ABOUT Sheree Crute
October 29, 2012
A new study finds blacks are more likely to die from it and less likely to know how to prevent it.
From GirlTrek to Black Girls Run, women across the country are proving stereotypes wrong.
African-American women are routinely left out of clinical studies that could lead to new treatments.
Learn about where HIV/AIDS clinical trials are taking place -- and which ones are open to women.
Health Breakthroughs: Even with more treatment options, some black men still don't have access.
Find out about advocacy organizations, research and other prostate-cancer information.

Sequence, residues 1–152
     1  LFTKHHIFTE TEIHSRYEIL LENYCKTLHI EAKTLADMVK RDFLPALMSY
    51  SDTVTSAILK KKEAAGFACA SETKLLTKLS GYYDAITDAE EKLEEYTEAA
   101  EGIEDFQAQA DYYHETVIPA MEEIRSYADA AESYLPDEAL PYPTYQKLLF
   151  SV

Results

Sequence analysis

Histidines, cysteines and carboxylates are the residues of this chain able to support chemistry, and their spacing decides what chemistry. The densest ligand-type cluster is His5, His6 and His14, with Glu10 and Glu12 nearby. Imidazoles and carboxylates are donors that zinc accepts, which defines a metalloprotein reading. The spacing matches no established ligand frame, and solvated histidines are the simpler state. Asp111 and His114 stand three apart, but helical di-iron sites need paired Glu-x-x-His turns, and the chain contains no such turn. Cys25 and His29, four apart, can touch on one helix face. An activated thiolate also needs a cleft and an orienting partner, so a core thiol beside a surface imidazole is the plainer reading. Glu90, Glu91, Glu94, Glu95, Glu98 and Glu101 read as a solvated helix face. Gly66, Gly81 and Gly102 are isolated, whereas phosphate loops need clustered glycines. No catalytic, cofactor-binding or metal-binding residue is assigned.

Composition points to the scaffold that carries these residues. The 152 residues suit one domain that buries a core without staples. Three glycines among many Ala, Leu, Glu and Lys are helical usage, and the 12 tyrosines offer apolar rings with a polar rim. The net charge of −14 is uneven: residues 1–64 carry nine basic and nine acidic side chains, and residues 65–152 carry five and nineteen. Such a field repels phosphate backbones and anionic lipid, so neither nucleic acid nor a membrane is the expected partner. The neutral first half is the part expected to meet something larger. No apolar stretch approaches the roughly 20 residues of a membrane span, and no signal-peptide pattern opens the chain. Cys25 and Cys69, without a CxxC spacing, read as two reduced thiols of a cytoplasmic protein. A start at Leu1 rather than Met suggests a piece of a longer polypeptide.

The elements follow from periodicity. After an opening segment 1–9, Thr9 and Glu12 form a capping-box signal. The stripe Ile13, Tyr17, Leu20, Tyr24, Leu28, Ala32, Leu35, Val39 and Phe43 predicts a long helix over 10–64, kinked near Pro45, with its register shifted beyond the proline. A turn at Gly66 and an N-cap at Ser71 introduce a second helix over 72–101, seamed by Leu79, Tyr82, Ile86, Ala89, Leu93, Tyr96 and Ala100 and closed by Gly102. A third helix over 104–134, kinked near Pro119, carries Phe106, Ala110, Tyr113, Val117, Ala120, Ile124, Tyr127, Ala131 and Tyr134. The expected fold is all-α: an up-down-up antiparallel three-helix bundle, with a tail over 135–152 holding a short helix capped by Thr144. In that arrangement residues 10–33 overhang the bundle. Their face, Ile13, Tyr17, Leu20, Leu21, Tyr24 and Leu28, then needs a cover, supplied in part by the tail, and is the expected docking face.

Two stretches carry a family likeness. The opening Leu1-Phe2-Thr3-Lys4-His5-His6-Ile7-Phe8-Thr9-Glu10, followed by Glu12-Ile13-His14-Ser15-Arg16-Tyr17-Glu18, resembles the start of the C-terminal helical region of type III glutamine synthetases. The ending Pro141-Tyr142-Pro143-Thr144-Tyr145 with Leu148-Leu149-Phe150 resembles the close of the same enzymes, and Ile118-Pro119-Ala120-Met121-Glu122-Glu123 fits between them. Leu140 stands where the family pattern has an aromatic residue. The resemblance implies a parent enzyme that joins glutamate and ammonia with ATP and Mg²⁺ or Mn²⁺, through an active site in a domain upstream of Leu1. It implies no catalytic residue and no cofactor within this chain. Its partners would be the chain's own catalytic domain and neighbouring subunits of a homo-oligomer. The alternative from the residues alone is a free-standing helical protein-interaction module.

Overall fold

Health Breakthroughs: A series on treatments that help blacks but are out of reach for many.
Find out about research, funding, support groups and other sickle-cell information.
The man who claimed to prove that black women are less attractive distorted scientific facts to make his case. Sound familiar?
The federal agency reports that one in 22 African Americans is at risk for HIV/AIDS. But here's what the CDC doesn't say.
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